July 15, 2014

7 bad films with great soundtracks

It was producers Jerry Bruckheimer and Don Simpson who wised up to the commercial possibilities of the pop music tie-in soundtrack to movies. While movie soundtracks obviously long pre-dated them, they were pretty much the first to specifically produce and tailor a various artists album of songs to coincide with the release of - and help promote - their movie. They did it with great success to Flashdance, Beverly Hills Cop and a string of others. This trend really exploded into the 1990s, when pretty much every Hollywood feature seemed to have its own soundtrack album in tandem with a more traditional recording of the orchestral score.

When it comes to the soundtrack album, often half of the songs don't even make it into the movie. Maybe they're "inspired" by the film, but more often than not a bunch of disparate pop hits are thrown together and the movie's poster slapped on the front of the CD. Some are good, some are bad. This leads to a special situation I've often noticed: really quite awful movies that get blessed with an absolutely stunning soundtrack album. It's like a silver lining on a cloud of excrement. Here are my personal favourites.

The Avengers
The Film: A bloated and abortive 1998 remake of a classic 1960s television series. The Avengers was crippled by a director who didn't understand the tone of the script and a studio that didn't really understand why they were dropping $80m on a self-aware, arch British espionage caper with villains in teddy bear suits.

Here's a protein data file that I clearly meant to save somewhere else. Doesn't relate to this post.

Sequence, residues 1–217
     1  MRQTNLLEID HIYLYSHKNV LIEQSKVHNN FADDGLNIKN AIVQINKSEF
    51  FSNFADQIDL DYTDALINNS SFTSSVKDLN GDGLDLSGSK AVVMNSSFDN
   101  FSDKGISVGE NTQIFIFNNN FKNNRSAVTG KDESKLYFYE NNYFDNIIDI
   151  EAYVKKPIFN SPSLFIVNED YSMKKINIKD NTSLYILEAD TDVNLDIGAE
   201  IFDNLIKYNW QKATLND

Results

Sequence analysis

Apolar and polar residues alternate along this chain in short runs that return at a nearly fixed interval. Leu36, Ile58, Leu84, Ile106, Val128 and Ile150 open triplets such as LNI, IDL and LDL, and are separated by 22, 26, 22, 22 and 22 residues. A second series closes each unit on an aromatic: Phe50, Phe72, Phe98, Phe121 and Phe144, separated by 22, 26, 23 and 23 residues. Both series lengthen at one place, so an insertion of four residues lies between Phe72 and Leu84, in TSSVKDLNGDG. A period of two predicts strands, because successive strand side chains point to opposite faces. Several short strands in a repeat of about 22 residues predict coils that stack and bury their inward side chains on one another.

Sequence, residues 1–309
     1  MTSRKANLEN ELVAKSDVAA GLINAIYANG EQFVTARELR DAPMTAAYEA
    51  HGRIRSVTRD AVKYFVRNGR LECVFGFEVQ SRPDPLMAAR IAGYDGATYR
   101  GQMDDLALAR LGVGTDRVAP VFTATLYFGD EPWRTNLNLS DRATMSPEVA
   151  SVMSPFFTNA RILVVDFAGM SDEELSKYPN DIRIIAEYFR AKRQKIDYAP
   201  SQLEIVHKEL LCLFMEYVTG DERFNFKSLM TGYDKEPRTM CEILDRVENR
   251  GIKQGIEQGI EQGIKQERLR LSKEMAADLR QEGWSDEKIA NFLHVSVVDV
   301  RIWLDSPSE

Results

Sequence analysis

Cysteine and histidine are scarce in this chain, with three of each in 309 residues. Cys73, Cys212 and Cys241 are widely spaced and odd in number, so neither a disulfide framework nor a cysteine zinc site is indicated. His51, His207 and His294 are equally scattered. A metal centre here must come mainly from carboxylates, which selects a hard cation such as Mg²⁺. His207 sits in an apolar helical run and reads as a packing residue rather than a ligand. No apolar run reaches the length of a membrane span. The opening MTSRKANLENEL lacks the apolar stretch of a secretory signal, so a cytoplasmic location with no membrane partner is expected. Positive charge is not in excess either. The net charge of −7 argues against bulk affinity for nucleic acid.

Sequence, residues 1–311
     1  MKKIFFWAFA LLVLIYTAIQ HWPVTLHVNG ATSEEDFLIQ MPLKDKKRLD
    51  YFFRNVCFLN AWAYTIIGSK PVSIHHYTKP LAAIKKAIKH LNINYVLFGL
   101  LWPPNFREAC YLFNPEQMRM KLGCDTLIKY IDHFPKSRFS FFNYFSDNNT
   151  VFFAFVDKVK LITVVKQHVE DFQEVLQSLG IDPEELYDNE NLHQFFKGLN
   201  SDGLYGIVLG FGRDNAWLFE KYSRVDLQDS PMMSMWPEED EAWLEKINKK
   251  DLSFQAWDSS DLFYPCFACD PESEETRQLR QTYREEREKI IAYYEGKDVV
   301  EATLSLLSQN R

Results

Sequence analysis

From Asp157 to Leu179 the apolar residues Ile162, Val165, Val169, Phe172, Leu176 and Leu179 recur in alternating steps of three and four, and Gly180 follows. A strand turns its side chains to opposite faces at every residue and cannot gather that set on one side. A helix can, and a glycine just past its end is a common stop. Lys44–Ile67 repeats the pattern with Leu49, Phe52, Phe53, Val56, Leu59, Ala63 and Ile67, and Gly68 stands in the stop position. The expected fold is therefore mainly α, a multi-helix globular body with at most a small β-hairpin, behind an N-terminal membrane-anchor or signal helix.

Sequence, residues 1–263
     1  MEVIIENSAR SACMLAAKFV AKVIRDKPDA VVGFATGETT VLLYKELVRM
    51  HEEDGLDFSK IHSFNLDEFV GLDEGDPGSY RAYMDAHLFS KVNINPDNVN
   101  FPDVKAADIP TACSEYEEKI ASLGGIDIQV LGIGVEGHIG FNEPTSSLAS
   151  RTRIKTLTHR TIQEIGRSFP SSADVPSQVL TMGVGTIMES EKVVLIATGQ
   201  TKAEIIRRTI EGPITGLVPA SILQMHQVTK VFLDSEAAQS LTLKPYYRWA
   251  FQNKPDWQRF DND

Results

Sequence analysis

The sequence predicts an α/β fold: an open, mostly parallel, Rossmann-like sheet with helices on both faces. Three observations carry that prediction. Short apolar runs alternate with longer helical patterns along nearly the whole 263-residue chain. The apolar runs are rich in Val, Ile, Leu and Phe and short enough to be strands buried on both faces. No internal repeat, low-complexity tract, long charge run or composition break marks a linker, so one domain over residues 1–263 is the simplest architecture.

The Soundtrack: A host of contemporary pop artists and bands - Ashstar Command, Baby Bird, Grace Jones, Suggs, Sinead O'Connor - provide original songs based around themes of evil twins and weather manipulation. Marius de Vries remixes the original TV series theme to perfection. Most of the songs never make it into the film. Those that do are squeezed one after another in a desperate closing credits medley.

Batman Forever
The Film: An incoherent and unfocused disaster, trapped between the pop goth imaginings of Tim Burton and Joel Schumacher's more consistent neon parody in the sequel. A key example of what happens when a movie studio dictates the content of a film over the creatives actually making the damn thing.
The Soundtrack: And yet, throughout this misfire there's a very enjoyable line of mid-90s pop music. It managed to pull a great song out of U2 right before their pomposity finally exceeded their talents, as well as throw in tracks by Seal, the Flaming Lips, P.J Harvey, Nick Cave, Massive Attack and others. Not all of the album is great, but the bits that stand out really stand out. The Batman & Robin soundtrack does pretty much the same job, swapping U2 for the Smashing Pumpkins.

The Crow: City of Angels
The Film: Alex Proyas' The Crow is a decent B-movie with a huge cult following, and came with a brilliant collection of goth and rock songs. The Crow: City of Angels was a dreadful creative misfire, and pretty much the most unnecessary sequel since Highlander 2. It did, however, still come with a great soundtrack album of alternative hits.
The Soundtrack: Hole do a great cover of Fleetwood Mac's "Gold Dust Woman". White Zombie cover KC and the Sunshine Band's "I'm Your Boogie Man". Bush cover Joy Division's "In a Lonely Place". It's kind of fitting, on the soundtrack to a film that excessively copies the original, that the soundtrack is positively littered with cover versions. The soundtrack to a third Crow film, The Crow: Salvation, is pretty well stocked with popular alternative music too.